Voice cloning is already showing up in political dirty tricks. On Jan. 22, one day before the New Hampshire presidential primary, the state's attorney general reported multiple complaints about a robocall purporting to come from President Joe Biden urging voters to avoid casting a primary ballot. The AI-generated message tells voters, "Your vote makes a difference in November, not this Tuesday.”

Rep. Brittany Pettersen, D-Colo., has sponsored a bill that would set up a federal task force to examine how deepfakes could disrupt the financial services sector and threaten consumers with more convincing scams and fraud. 

“The financial sector knows that this is front and center on what they need to deal with across the board to protect consumers and businesses,” Pettersen said in an interview. “What we need to be worried about in Congress is protecting our economy and some of the enormous fallout … that could come if we’re not implementing technologies for prevention.” 

Older Americans are particularly vulnerable to phone-related scams. At a recent event in Washington, D.C., Rohit Chopra, head of the Consumer Financial Protection Bureau, said he wondered whether society is “ever going to be able to get some of the genie back into bottles, particularly when it comes to how much fraud [there] can be” with tools like voice cloning.

“That’s something we think about: the way in which you can copy a grandchild’s voice, go to their grandparents with diminished capacity and take their life savings,” Chopra said. "I think this is like a different type of warfare and a different type of human interaction.”

A race for detection tools

Section 4.5 of the White House AI executive order directs the Commerce Department to lead a process exploring how to reduce risks associated with AI-generated content. In particular, the order tells Commerce to report on existing tools like digital watermarking and the potential for developing new technologies to identify synthetically manipulated media. 

Watermarking involves embedding digital markers within an algorithm. These markers show up in any photos, videos or text the algorithm generates, leaving signals that outside parties can use to verify authenticity or confirm digital manipulation.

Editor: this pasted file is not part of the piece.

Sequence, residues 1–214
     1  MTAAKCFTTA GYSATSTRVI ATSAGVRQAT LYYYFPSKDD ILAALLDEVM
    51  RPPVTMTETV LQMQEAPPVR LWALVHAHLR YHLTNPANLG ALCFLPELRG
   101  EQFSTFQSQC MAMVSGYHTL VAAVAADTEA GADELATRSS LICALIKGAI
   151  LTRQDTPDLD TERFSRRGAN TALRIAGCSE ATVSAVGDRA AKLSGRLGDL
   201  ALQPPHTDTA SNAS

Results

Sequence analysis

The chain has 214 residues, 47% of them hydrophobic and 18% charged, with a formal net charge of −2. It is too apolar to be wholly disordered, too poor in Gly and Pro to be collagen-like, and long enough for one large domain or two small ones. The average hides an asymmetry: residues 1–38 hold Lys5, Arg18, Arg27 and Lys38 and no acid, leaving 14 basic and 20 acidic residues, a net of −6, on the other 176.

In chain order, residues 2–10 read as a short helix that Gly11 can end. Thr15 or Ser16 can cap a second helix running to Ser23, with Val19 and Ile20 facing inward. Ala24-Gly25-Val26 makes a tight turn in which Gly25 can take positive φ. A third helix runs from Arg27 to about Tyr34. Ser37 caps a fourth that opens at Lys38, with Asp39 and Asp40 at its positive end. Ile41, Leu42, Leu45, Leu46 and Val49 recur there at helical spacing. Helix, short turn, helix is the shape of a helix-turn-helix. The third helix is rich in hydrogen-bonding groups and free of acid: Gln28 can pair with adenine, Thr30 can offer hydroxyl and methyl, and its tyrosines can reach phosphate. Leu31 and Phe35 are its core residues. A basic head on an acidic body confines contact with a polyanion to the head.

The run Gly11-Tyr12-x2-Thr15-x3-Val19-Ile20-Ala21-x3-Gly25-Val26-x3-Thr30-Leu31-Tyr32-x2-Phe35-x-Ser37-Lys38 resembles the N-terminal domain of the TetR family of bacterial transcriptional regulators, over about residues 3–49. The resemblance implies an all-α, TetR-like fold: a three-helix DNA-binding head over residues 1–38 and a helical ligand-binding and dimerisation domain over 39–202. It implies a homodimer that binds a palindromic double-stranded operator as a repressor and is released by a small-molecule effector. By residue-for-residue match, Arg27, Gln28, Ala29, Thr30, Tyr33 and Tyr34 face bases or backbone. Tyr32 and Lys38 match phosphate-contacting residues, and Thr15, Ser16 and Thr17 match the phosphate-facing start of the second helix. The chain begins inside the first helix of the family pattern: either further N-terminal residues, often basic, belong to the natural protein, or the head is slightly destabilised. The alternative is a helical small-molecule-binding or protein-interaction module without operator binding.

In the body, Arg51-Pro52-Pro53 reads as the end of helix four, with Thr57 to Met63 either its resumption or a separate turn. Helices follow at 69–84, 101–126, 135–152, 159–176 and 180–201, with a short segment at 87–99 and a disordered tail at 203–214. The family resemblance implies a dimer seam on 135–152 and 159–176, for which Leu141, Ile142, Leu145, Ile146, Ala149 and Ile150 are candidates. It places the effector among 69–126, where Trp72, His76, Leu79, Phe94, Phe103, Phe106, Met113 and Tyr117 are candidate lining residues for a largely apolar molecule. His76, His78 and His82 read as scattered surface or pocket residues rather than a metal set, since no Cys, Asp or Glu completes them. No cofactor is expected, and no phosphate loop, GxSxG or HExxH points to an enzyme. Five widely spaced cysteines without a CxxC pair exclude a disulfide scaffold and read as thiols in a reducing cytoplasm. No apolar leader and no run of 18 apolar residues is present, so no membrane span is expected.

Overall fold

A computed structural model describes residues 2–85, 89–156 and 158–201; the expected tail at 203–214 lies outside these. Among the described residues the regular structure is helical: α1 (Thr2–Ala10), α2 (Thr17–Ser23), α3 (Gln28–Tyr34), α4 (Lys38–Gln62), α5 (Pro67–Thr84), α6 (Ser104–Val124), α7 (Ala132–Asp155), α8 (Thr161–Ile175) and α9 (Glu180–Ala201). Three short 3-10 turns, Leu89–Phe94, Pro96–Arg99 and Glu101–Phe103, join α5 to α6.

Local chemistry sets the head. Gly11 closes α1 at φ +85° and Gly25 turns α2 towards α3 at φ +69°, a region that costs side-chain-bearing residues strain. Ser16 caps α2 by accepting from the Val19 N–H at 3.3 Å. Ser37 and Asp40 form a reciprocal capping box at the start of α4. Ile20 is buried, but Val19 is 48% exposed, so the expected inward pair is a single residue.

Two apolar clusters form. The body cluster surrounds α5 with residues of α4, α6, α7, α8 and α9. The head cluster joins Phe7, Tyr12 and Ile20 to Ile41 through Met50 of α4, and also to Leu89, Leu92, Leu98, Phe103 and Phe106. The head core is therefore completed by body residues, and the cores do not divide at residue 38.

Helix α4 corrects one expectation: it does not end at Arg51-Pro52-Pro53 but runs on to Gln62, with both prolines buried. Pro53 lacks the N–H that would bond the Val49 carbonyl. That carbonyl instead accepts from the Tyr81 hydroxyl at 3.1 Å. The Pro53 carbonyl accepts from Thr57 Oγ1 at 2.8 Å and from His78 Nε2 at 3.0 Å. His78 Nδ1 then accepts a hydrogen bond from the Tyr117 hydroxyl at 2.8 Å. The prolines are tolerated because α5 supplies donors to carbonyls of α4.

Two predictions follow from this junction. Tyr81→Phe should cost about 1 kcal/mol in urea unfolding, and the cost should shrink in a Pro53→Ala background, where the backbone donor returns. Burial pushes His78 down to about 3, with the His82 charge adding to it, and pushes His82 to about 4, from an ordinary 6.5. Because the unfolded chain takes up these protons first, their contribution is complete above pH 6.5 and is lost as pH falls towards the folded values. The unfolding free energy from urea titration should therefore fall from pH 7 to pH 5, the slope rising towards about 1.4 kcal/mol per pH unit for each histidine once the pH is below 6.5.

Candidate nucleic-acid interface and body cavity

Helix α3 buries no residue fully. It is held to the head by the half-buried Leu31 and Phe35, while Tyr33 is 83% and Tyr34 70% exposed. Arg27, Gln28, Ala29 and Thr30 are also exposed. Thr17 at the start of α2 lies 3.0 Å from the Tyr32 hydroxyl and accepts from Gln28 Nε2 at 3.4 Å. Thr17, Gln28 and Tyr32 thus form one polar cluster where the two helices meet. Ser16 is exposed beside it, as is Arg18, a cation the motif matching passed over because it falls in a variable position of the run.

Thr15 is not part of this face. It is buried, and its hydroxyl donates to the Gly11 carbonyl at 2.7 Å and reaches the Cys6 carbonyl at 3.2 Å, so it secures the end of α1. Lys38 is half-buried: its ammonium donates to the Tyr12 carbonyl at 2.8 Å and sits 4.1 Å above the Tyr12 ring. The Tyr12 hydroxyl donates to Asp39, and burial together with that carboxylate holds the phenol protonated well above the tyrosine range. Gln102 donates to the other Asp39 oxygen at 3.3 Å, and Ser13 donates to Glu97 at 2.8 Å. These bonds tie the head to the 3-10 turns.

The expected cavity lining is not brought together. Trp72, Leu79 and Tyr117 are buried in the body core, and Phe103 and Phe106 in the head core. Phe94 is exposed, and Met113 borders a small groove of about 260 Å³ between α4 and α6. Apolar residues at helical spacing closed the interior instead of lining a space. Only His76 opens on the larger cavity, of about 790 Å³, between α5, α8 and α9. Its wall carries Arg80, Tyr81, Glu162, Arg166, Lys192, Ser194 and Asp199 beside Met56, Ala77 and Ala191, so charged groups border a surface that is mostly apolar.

The Coalition for Content Provenance and Authenticity — a group created and managed by Adobe, Intel, Microsoft, the BBC, Sony and other companies — is working to develop and spread a set of new open, interoperable technical standards for many forms of digital media. Those standards would use a new process that attaches a traceable history for each piece of media at the file level. A master file is then kept in a local or cloud-based storage system for comparison, giving consumers hard answers around when an image or video file was created, by whom and whether any pixels were altered along the way.

However, experts warn that watermarking technologies would be effective only for algorithms that chose to adopt them. These tools may be helpful in authenticating government communications to the public or content created by firms that want to play by the rules, but it would require widespread voluntary adoption by AI system owners — including bad actors — to serve as a real check on malicious deepfakes. 

Meanwhile, federal agencies are pouring millions of dollars into building new technologies that can examine different forms of media and determine whether they have been altered or created by a machine. The Defense Advanced Research Projects Agency has spent more than $100 million on a pair of research projects that seek to detect and defend against deepfakes in different ways.